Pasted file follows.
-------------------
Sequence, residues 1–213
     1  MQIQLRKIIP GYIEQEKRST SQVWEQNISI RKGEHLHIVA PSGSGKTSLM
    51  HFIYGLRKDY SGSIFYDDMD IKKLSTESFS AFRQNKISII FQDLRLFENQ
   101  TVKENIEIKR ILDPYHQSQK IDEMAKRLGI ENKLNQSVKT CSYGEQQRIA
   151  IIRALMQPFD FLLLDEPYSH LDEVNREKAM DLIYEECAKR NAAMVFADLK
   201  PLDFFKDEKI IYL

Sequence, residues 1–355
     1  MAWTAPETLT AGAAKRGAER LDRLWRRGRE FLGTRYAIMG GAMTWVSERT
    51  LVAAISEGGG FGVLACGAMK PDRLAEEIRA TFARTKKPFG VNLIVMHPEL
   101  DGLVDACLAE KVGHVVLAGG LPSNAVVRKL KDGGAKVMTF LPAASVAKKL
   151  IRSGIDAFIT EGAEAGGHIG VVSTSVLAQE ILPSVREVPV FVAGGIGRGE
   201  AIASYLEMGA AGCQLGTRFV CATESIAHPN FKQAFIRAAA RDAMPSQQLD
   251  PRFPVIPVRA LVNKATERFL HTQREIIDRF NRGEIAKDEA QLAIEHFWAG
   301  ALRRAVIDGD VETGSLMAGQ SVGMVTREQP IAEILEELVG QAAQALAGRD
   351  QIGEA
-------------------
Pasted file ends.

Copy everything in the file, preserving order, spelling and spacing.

Sequence, residues 1–213
     1  MQIQLRKIIP GYIEQEKRST SQVWEQNISI RKGEHLHIVA PSGSGKTSLM
    51  HFIYGLRKDY SGSIFYDDMD IKKLSTESFS AFRQNKISII FQDLRLFENQ
   101  TVKENIEIKR ILDPYHQSQK IDEMAKRLGI ENKLNQSVKT CSYGEQQRIA
   151  IIRALMQPFD FLLLDEPYSH LDEVNREKAM DLIYEECAKR NAAMVFADLK
   201  PLDFFKDEKI IYL

Sequence, residues 1–355
     1  MAWTAPETLT AGAAKRGAER LDRLWRRGRE FLGTRYAIMG GAMTWVSERT
    51  LVAAISEGGG FGVLACGAMK PDRLAEEIRA TFARTKKPFG VNLIVMHPEL
   101  DGLVDACLAE KVGHVVLAGG LPSNAVVRKL KDGGAKVMTF LPAASVAKKL
   151  IRSGIDAFIT EGAEAGGHIG VVSTSVLAQE ILPSVREVPV FVAGGIGRGE
   201  AIASYLEMGA AGCQLGTRFV CATESIAHPN FKQAFIRAAA RDAMPSQQLD
   251  PRFPVIPVRA LVNKATERFL HTQREIIDRF NRGEIAKDEA QLAIEHFWAG
   301  ALRRAVIDGD VETGSLMAGQ SVGMVTREQP IAEILEELVG QAAQALAGRD
   351  QIGEA